The Long Distance Soulster


For as long as Luther has sufficed to separate Mr. Vandross from all others bearing his name he has been the modern male soul singer, possibly the last of a disappearing breed in a profession already rife with high risk and high mortality. The historical roll count of male soul men equally and readily identifiable by first name—Sam, Jackie, Otis, Al, Marvin, Teddy, James, Curtis, and now curiously, if momentarily we pray, Maxwell—offers a sobering and fatalistic prognosis for Black men possessing what a friend once called the Voice of God, a gift obviously too incendiary for mere mortal coils. As was once said of male jazz singers, the modern era sees little necessity for male soul classicists, or more pointedly, Black men who feel very deeply. So I Know, his debut for Virgin, affirms his triumphs over time and outrageous fortune on the slippery slopes of the African American romance song.

Luther’s greatest drawback has been coming along when there were few exemplary soul songs being writ ten—hiphop lyricists having taken up the reins of that dark horse—and fewer people still who could competently produce them by comparison with the Motown and Philly International teams. His former label Epic’s competing release of Always & Forever—The Classics compiles career-making gems like “A House Is Not a Home,” “Creepin’,” and “Superstar /Until You Come Back to Me,” demonstrating his unfailing taste in covers and the outstanding craft he deploys in bringing unabashed concert bravura into the studio. In soul-historical terms Luther’s roomy and decorously boomy voice is a late-stage evolution ary project designed with buppy seduction scenarios in mind—a recombinant brew of Nat Cole’s preternatural polish, Otis Redding’s Pentecostal fervor, Marvin Gaye’s homeboy cosmopolitanism that in tandem with his diva airs has never been too funky, too poppy, or too campy to panic anyone. The balancing act has always been astounding, and now that Puffy has made glitz a Black Thing again, may even be hip, kinda-sorta.

Vandross’s heart is clearly with the old songs, but his fortune lies in making nice with today’s marketplace without getting too new on all the Luther loyalists out there. It’s a slow dance fraught with dangers and de lights. On I Know, he makes a coproduction with Masters at Work, maestros of last year’s Nuyorican Soul omnibus, seem like a stretch with an apologia of “Wait a minute, let’s try something different, this is Luther with the Masters at Work.” What follows ain’t hardly hardstep drum’n ‘bass and certainly not acid-house, but a bass-driven dance vehicle that will doubtlessly inspire acrobatics on the floor at Vinyl this weekend. Since Luther has spent a portion of his career pooh-poohing rumors of gaiety, you have to wonder if club music’s sexual orientation stigma explains the cautionary note upfront. Similarly, a lyric from “Religion”—”Little Billy likes his best friend Jack/How in the world could he be like that/Mama and Henry wanna have a chat/Boy you need religion”—seems even more extreme unless you read it as a wink of tongue in cheek, and since can’t nobody do closet as gothically as upwardly mobilized Black celebs, or fear of hiphop, for that matter, we’re left to our own devices as to what’s-the-deal-ly-Yo. Of course, any song that also speaks of folk getting some of that “How’d I get on Ricki Lake religion” clearly got jokes-ing on its mind more than jubilation per se.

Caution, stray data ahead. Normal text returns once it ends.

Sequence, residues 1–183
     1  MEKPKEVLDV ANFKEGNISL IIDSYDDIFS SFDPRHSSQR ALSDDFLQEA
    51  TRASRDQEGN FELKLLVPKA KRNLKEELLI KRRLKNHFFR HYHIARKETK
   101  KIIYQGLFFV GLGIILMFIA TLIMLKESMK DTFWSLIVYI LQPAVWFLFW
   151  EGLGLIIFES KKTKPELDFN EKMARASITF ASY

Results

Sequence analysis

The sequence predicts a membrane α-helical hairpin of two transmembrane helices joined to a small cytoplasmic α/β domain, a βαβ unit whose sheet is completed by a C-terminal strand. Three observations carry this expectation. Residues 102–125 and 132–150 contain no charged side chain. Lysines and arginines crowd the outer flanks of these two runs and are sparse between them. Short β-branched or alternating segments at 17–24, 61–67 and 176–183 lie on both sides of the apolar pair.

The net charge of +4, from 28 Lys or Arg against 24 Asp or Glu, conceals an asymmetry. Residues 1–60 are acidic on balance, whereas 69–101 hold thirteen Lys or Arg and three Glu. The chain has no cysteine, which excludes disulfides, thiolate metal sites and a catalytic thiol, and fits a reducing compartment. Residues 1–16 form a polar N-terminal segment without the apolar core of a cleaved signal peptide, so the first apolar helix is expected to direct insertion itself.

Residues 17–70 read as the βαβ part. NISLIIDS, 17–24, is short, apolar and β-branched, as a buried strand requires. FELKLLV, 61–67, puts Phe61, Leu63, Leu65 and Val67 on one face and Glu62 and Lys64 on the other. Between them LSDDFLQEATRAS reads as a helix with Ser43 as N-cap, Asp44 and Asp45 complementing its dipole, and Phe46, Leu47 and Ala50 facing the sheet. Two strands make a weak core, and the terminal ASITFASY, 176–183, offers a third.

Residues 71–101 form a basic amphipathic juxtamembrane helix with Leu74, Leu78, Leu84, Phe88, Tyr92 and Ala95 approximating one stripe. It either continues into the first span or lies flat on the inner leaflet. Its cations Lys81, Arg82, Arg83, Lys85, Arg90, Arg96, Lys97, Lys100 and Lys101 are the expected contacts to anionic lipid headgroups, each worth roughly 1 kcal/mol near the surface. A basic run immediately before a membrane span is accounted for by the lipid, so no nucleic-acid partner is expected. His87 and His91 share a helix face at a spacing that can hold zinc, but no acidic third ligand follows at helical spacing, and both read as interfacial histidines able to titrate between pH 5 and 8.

Still, this Luther album mostly sounds like every other Luther album you own, which, depending on your take on things, either adds up to remarkable consistency or fear of expansion. On his duet with Cassandra Wilson, “I’m Only Human,” (echoes of Morrissey and “How Soon Is Now” only for the insane), Marcus Miller provides a track straight outta the sentimental side of Dr. Dre. Wilson provides butta from the basso-profundo dimension of her register and Bob James’s sparse and winsome Fender Rhodes solo reminds that soul was also once the province of extraordinary instrumentalists (and designing minimalists). Ditto for Stevie Wonder’s harmonica appearance on “I Know,” a melancholy Lutherian essay on domestic bliss and anxiety. “Nights in Harlem,” featuring MC Precise, is this album’s Proust move, a remembrance of things past that goes back to the days when Smokey Robinson and the Miracles came to town and “Tears of a Clown” was Luther’s favorite song. Precise’s rhymes manage the admirable feat of nostalgia and contemporaneity without broaching cheesiness or science fiction. For this reason, Darkchild’s included remix of the same jam with Guru in tow seems especially unnecessary, and as a closer, diminishing of the excellence found here overall.

Counting his transition from brilliant background singer to one-in-a-million shot breakout soloist, Vandross has been a long-distance runner in the soul man’s race against the clock, fashion, and youthful exuberance, a game where neither fate nor mental stability have ever appeared the hand maidens of self-creation. For this reason, only real men, whatever their elective affinities, dare sing soul music. Three shouts of Viva Luther! seem in order.